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Introduction Congenital uterine anomalies result from the abnormal embryological development of the paramesonephric (Müllerian) ducts. Debate surrounding their classification is ongoing. During this PhD project both the American Society for Reproductive Medicine and The European Society of Human Reproduction and Embryology (ESHRE) with the European Society for Gynaecological Endoscopy (ESGE) have published different classification systems. To adequately assess uterine morphology requires concurrent imaging of the external and internal contours of the uterus. Three-dimensional ultrasound can achieve this view and is more acceptable to women than more invasive tests. In view of the inconsistent classification systems and use of various diagnostic tests data regarding prevalence and effect on reproductive outcome must be interpreted cautiously. Nonetheless, it appears that uterine septa are more prevalent in women with poor reproductive outcomes and associated with infertility, miscarriage and preterm birth. The rationale for septal resection is to restore normal uterine anatomy with the intention of improving reproductive outcome. However all previous studies assessing the effect of septal resection are biased due to their observational design using women as their own controls. There have been no randomised controlled trials. Aims The aim was to investigate the hypothesis that a trial of septal resection for women with subfertility or miscarriage is feasible to conduct. Studies A non-invasive method for assessing uterine septa is a vital prerequisite for a trial, to allow women to be assessed properly and consented before an invasive operative hysteroscopy is done. Furthermore, a test is required to assess the efficacy of septal resection post-procedure as some women are left with a residual septum. So it was important to establish the diagnostic reliability of three-dimensional ultrasound to identify uterine septa. ESHRE recommended using three-dimensional ultrasound, but few data existed demonstrating its reliability. I conducted two reliability studies. The first found that the intra-rater reliability of experts in uterine anomalies was only moderate. This study was limited as it could not differentiate between the manipulation of uterine volumes, uterine measurements or application of classification systems. A second study assessed the intra- and inter-rater reliability of uterine measurements and then used algorithms to classify the volumes. This showed uterine measurements are highly reproducible with cavity indentation showing the highest intra- and inter-rater reliability (both ICC 0.98). Applying classification algorithms to these measurements showed almost perfect intra and inter-rater agreement. When designing a trial to definitively establish the efficacy of an intervention it is crucial to ensure it is adequately powered to detect a difference which is important to patients. So next I set out to calculate the minimum clinically important difference for women to consider septal resection. Using survey and interviews I calculated that the median minimum clinically important difference for women with a history of poor reproductive outcome was a change in future risk of miscarriage from 30% to 10%. The sample size required to detect this difference was 118, (59 in each arm) where _=0.05 and (1-_)=0.9. Between August 2014 and August 2017, 6035 women with subfertility and miscarriage were screened in three settings to identify those eligible to participate. Three-dimensional ultrasound was used as initial screening in a tertiary fertility clinic (n=2846) and recurrent miscarriage clinic (n=189). Around 3000 women underwent two-dimensional ultrasound in the early pregnancy unit, of which five had suspected uterine anomalies and were referred for three-dimensional ultrasound. A uterine septum was present in 15, of whom 13 were eligible to participate in the pilot septal resection trial. So identifying one eligible participant required approximately 464 women to be screened. Divided by patient population, to identify one eligible participant the number of women to be screened using three-dimensional ultrasound was 407 women with infertility, or 27 women with recurrent miscarriage. Approximately one septum was identified per 1500 women who had a two-dimensional scan in the early pregnancy unit. Subsequently I undertook three studies of the willingness of patients and clinicians to participate in the pilot trial. First I undertook a survey of clinicians. Sixty-seven clinicians responded and approximately half would randomise to a septal resection trial, but only 12 clinicians (18%) showed interest in becoming involved in such a trial. The next study investigated the willingness of eligible patients to participate. In Nottingham, 2 of 13 women were randomised to the study. A survey and interview with women who declined participation found that many had strong views on their treatment, either in favour of, or against resection and did not wish to leave it to chance. The third study assessed the willingness of other units to be involved in the trial. Twelve clinicians from eleven units expressed interest in becoming a trial site, but only one unit went on to randomise 4 further patients. Reasons for non-participation included lack of funding, exclusion from the NIHR Clinical Research Network Portfolio, inadequate access to three-dimensional ultrasound and local service configuration. During the study period six women were randomised. The final two chapters set out to establish if a septal resection trial is a research priority using two different methods. Firstly an economic evaluation and value-of-information analysis. Value of information is the amount a decision maker should be willing to pay for information prior to making a decision. As resources are finite, these methods can be used to direct future research efforts towards the most efficient studies. Septal resection, was compared with progesterone as a large study, the PROMISE trial, was recently funded. Using existing evidence, namely meta-analyses of biased studies, it predicted that there was no value in conducting further research into progesterone or septal resection as with existing evidence, they were both cost-effective interventions. Nonetheless, when more uncertainty was introduced based on expert opinion the value of information for both interventions increased. Using the most favourable assumptions for our present level of uncertainty, assuming the usual NHS value of £30,000 for a quality adjusted life year (QALY) the expected value over ten years to the NHS of the information from a progesterone trial was £1.6B compared with £80m for a septal resection trial. The main reason for this was that progesterone has a larger potential treatment population, all women with recurrent miscarriage, rather than just those with a uterine septum. Other trials are therefore a higher priority. Finally, I established the top research priorities for miscarriage. Miscarriage research uncertainties were identified and prioritised collaboratively by women and healthcare professionals. A priority setting partnership was conducted on the topic of miscarriage using methodology advocated by the James Lind Alliance, a subsidiary of NIHR. A total of 2402 unique questions were identified and refined to 58 summary questions. The top 10 research uncertainties were collaboratively agreed by women who have experienced miscarriage, those affected by miscarriage and healthcare professionals at a final workshop. The top question was “What are the effective interventions to prevent miscarriage, threatened miscarriage and recurrent miscarriage?”. This would include septal resection to prevent miscarriage, but would also be any other potential intervention. Discussion The high reliability of three-dimensional ultrasound to diagnose uterine septa was demonstrated. This was dependent on taking uterine measurements, as subjective application of any classification system is less reliable. The low prevalence of septa and the lack of willingness from patients and clinicians to participate would make a trial prohibitively time consuming or expensive. Furthermore, a uterine septum is not the condition for which resection is performed. Instead resection is to prevent infertility, miscarriage or preterm birth, meaning that ideally three separate trials should be performed. I demonstrated that funding a trial is unlikely to be the best use of resources as the cost of conducting a trial is high compared with the value of information it could provide to decision makers. However, patients and clinicians still consider further research in this area a priority. Herein lies the dilemma of whether to pursue a trial, which will provide the highest quality evidence but is likely infeasible, or to consider alternative methodology, albeit with limitations, to help guide women and their clinicians who are considering septal resection. Collaboration with other international groups is the only way to advance this trial further. For example, the Dutch TRUST trial. TRUST has also had difficult recruiting, but has randomised 43 women over nine years. A collaborative approach between the two studies may lead to the completion of a trial. Nonetheless, TRUST is not adequately powered to detect the minimum clinically important difference and has less stringent criteria for diagnosis of a uterine septum. Conclusion Presently, a randomised controlled trial of hysteroscopic septal resection for women with a history of subfertility or miscarriage and a uterine septum is not feasible. The reasons for this are that sufficient women and clinicians are not willing to participate to achieve the required sample size. Furthermore the resource required to recruit enough participants would make the trial prohibitively expensive.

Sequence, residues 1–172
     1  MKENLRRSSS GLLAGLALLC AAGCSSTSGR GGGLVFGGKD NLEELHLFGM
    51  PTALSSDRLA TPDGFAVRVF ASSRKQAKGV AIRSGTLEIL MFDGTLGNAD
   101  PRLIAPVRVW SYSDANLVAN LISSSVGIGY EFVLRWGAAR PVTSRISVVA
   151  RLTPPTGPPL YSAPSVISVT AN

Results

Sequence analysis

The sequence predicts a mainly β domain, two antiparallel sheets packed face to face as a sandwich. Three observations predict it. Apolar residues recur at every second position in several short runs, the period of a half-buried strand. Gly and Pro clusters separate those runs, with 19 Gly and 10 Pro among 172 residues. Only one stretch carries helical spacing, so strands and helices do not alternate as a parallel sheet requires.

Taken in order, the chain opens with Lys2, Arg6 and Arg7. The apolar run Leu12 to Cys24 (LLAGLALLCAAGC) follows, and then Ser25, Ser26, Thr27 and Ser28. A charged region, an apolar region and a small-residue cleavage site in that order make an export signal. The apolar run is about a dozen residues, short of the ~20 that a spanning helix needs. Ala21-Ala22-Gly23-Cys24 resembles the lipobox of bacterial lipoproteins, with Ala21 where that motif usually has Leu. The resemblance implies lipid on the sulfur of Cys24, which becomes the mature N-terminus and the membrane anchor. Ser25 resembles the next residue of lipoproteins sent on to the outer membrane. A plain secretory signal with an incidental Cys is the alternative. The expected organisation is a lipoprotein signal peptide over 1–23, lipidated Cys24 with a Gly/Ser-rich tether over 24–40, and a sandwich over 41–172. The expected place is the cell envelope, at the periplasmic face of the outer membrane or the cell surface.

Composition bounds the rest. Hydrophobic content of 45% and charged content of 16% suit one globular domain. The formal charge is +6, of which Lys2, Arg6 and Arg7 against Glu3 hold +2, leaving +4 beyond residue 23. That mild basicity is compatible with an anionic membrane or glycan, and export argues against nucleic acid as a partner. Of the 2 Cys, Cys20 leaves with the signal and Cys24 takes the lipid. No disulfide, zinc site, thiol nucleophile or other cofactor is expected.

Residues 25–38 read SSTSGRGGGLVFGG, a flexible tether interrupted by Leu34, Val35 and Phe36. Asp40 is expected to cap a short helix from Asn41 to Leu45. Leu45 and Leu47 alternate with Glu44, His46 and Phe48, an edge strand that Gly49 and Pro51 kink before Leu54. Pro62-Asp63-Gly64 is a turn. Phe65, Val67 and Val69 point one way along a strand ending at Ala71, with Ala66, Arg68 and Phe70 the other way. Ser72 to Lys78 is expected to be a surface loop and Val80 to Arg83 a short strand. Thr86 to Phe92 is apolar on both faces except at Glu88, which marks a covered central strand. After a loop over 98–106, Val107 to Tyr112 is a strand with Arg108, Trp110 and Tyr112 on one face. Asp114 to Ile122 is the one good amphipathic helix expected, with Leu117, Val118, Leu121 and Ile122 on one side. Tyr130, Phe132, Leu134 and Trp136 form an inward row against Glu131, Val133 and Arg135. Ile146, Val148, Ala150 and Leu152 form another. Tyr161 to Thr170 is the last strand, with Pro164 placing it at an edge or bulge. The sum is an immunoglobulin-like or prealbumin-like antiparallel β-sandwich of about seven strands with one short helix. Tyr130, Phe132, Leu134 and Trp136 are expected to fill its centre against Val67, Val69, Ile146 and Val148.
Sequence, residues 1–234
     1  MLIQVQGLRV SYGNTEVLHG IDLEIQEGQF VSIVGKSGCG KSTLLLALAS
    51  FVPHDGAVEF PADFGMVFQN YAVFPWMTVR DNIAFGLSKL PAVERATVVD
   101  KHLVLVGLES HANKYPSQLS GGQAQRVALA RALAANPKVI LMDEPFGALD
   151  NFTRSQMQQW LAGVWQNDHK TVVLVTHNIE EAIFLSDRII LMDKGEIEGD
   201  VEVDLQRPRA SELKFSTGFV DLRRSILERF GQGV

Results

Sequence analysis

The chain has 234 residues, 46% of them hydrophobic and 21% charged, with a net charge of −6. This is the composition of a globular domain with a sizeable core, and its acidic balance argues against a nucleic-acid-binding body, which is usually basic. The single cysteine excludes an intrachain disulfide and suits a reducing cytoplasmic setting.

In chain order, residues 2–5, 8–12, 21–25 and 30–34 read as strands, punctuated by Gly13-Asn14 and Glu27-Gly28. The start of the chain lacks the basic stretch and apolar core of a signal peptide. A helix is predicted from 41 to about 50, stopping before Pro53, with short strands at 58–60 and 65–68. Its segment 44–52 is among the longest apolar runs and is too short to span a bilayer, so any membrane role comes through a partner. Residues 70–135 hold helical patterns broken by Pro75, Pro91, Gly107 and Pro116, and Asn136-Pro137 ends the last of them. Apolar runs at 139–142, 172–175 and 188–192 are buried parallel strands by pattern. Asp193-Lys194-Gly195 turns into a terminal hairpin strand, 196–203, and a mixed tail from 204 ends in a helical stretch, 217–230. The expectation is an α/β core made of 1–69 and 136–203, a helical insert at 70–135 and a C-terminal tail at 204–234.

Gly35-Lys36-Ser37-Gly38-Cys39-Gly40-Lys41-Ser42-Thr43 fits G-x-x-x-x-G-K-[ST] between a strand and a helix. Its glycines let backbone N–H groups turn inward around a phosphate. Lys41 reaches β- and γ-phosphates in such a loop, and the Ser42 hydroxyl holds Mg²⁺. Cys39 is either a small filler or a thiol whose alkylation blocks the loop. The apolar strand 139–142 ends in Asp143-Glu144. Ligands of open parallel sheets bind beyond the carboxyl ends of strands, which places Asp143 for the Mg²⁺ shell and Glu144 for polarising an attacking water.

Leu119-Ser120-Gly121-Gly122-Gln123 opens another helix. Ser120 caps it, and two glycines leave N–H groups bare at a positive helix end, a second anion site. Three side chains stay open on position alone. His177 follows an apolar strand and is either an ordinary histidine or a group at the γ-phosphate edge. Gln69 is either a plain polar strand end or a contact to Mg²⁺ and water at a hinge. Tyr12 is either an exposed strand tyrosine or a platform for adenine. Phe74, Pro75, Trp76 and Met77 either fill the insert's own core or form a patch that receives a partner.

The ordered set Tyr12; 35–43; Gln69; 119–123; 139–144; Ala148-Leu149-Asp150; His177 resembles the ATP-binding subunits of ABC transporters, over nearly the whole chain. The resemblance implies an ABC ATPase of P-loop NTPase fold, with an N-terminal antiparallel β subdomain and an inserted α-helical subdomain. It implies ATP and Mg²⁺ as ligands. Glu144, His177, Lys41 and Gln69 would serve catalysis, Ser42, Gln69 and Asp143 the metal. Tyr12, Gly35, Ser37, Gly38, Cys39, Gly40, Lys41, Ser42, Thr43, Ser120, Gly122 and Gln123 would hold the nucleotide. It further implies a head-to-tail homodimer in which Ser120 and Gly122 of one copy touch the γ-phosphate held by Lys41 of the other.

Supervisor: Not available Sponsor: Not available
Qualification Name: Thesis (Ph.D.) Qualification Level: Doctoral
EThOS ID:  DOI: Not available
Keywords: WP Gynecology